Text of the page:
Katy Perry as an Ancient Egyptian princess in her latest music video for 'Dark Horse'

music
Arts and Entertainment
Dame Judi Dench, as M in Skyfall

film
Arts and Entertainment
Morrissey, 1988

TV
Latest stories from i100
Have you tried new the Independent Digital Edition apps?

ES Rentals

    Independent Dating
    and  

    By clicking 'Search' you
    are agreeing to our
    Terms of Use.

    Surrounded by high-rise flats is a little house filled with Lebanon’s history - clocks, rifles, frogmen’s uniforms and colonial helmets

    Clocks, rifles, swords, frogmen’s uniforms

    Surrounded by high-rise flats is a little house filled with Lebanon’s history
    Return to Gaza: Four months on, the wounds left by Israel's bombardment have not yet healed

    Four months after the bombardment, Gaza’s wounds are yet to heal

    Kim Sengupta is reunited with a man whose plight mirrors the suffering of the Palestinian people
    Gastric surgery: Is it really the answer to the UK's obesity epidemic?

    Is gastric surgery really the answer to the UK's obesity epidemic?

    Critics argue that it’s crazy to operate on healthy people just to stop them eating
    Homeless Veterans appeal: Christmas charity auction Part 2 - now LIVE

    Homeless Veterans appeal: Christmas charity auction

    Bid on original art, or trips of a lifetime to Africa or the 'Corrie' set, and help Homeless Veterans
    Pantomime rings the changes to welcome autistic theatre-goers

    Autism-friendly theatre

    Pantomime leads the pack in quest to welcome all
    The week Hollywood got scared and had to grow up a bit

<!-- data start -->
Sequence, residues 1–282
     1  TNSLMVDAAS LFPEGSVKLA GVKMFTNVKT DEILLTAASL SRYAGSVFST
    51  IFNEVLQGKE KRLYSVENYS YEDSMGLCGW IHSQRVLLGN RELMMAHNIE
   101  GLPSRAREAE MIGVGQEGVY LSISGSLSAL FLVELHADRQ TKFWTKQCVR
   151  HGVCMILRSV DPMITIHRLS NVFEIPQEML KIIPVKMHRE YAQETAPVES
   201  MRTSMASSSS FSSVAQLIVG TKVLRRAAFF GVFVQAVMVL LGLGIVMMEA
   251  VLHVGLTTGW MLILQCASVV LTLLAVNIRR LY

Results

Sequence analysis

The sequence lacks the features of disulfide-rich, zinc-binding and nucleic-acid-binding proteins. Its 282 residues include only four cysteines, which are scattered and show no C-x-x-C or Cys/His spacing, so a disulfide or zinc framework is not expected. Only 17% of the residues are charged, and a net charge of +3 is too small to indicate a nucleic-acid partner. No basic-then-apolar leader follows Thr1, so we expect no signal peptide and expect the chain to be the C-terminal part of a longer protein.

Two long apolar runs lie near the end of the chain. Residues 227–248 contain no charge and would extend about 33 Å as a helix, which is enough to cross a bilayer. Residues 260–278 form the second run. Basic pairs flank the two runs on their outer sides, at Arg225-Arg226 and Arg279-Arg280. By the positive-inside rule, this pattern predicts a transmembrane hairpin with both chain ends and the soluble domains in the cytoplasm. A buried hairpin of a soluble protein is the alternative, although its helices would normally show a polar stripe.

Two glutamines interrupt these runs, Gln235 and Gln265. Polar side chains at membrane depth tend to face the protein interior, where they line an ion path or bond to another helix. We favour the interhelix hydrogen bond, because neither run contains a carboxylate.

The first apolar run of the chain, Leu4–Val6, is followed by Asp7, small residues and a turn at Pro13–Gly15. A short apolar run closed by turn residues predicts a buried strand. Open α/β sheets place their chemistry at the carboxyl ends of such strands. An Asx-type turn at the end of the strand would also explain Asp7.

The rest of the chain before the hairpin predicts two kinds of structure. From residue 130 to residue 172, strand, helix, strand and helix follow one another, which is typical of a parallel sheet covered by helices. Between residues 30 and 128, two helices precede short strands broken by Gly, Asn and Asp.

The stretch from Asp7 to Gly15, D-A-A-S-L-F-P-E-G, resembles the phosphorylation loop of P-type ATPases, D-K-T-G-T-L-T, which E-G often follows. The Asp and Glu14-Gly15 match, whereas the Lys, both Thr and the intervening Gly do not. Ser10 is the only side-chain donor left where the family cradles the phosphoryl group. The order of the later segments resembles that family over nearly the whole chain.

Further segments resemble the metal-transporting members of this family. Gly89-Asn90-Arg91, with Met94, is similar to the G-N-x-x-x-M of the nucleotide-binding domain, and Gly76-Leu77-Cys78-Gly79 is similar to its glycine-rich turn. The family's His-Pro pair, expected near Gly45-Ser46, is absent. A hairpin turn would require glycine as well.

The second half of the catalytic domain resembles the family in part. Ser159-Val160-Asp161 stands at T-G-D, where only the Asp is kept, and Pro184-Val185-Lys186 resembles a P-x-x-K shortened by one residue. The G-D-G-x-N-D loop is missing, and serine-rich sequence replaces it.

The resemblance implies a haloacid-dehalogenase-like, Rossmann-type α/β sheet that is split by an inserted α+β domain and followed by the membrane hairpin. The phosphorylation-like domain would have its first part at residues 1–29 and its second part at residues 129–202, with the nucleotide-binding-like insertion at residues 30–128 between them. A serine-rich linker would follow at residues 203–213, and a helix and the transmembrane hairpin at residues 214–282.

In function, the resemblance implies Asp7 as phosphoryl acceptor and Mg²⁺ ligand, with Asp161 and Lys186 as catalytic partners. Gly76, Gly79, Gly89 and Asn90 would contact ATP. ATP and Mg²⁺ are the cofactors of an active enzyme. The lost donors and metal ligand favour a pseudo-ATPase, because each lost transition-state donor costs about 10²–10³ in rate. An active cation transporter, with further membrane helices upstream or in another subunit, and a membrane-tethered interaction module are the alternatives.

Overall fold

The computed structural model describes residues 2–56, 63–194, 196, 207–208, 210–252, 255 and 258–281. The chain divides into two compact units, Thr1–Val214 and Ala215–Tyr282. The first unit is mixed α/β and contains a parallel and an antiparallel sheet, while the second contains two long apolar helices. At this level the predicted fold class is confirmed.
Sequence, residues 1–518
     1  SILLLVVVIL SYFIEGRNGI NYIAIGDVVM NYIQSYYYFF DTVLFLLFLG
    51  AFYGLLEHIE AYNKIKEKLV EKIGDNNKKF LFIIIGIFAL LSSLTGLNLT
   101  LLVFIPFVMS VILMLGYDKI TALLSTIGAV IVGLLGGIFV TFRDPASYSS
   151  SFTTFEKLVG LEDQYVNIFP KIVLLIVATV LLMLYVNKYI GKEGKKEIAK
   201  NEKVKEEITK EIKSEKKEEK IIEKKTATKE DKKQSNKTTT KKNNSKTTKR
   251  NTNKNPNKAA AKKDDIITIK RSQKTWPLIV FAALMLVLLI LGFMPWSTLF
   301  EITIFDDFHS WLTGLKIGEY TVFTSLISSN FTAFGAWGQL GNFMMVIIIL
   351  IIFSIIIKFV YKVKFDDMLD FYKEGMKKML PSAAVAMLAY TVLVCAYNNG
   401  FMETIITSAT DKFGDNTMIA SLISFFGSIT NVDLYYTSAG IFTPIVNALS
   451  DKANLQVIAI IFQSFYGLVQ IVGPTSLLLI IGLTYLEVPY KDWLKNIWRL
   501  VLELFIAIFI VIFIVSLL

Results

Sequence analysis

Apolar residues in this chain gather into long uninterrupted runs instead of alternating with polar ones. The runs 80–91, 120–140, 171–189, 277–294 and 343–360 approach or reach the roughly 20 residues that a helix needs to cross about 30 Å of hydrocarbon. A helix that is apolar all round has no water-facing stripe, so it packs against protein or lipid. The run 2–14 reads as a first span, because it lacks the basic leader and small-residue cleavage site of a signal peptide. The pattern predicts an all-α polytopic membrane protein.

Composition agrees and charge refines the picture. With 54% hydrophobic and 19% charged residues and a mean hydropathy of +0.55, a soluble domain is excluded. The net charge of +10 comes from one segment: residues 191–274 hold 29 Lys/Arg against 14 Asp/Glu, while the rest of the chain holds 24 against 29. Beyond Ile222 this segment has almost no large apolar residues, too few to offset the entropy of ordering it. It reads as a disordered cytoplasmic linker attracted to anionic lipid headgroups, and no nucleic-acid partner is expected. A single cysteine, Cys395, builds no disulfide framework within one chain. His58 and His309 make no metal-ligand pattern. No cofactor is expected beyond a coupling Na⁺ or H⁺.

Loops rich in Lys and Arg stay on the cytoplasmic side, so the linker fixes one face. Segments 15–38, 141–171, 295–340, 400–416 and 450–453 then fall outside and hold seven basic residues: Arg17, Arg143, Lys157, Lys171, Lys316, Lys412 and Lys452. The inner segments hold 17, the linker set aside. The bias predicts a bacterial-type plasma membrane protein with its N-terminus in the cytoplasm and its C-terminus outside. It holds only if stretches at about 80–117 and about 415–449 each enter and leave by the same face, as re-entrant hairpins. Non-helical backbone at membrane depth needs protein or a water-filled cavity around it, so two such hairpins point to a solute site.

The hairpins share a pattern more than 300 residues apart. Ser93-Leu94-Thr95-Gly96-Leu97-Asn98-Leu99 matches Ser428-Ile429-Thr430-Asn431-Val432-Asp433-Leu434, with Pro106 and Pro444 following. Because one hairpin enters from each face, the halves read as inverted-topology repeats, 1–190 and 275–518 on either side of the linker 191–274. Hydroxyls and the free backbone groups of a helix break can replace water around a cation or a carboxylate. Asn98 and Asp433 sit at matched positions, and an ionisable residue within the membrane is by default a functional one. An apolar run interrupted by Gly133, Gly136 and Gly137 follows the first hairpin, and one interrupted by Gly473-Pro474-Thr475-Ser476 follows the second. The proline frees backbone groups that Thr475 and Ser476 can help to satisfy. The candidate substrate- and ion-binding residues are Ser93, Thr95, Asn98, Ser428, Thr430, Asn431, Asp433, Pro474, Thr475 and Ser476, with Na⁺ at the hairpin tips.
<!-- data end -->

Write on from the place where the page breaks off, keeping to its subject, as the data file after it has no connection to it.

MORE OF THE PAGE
The week Hollywood got scared and had to grow up a bit

    Sony suffered a chorus of disapproval after it withdrew 'The Interview', but it's not too late for it to take a stand, says Joan Smith
    From Widow Twankey to Mother Goose, how do the men who play panto dames get themselves ready for the performance of a lifetime?

    Panto dames: before and after

    From Widow Twankey to Mother Goose, how do the men who play panto dames get themselves ready for the performance of a lifetime?
    Thirties murder mystery novel is surprise runaway Christmas hit

    Thirties murder mystery novel is surprise runaway Christmas hit

    Booksellers say readers are turning away from dark modern thrillers and back to the golden age of crime writing
    Anne-Marie Huby: 'Charities deserve the best,' says founder of JustGiving

    Anne-Marie Huby: 'Charities deserve the best'

    Ten million of us have used the JustGiving website to donate to good causes. Its co-founder says that being dynamic is as important as being kind
    The botanist who hunts for giant trees at Kew Gardens

    The man who hunts giants

    A Kew Gardens botanist has found 25 new large tree species - and he's sure there are more out there
    The 12 ways of Christmas: Spare a thought for those who will be working to keep others safe during the festive season

    The 12 ways of Christmas

    We speak to a dozen people who will be working to keep others safe, happy and healthy over the holidays
    Birdwatching men have a lot in common with their feathered friends, new study shows

    The male exhibits strange behaviour

    A new study shows that birdwatching men have a lot in common with their feathered friends...
    Diaries of Evelyn Waugh, Virginia Woolf and Noël Coward reveal how they coped with the December blues

    Famous diaries: Christmas week in history

    Noël Coward parties into the night, Alan Clark bemoans the cost of servants, Evelyn Waugh ponders his drinking…
    From noble to narky, the fall of the open letter

    From noble to narky, the fall of the open letter

    The great tradition of St Paul and Zola reached its nadir with a hungry worker's rant to Russell Brand, says DJ Taylor
    A Christmas ghost story by Alison Moore: A prodigal daughter has a breakthrough

    A Christmas ghost story by Alison Moore

    The story was published earlier this month in 'Poor Souls' Light: Seven Curious Tales'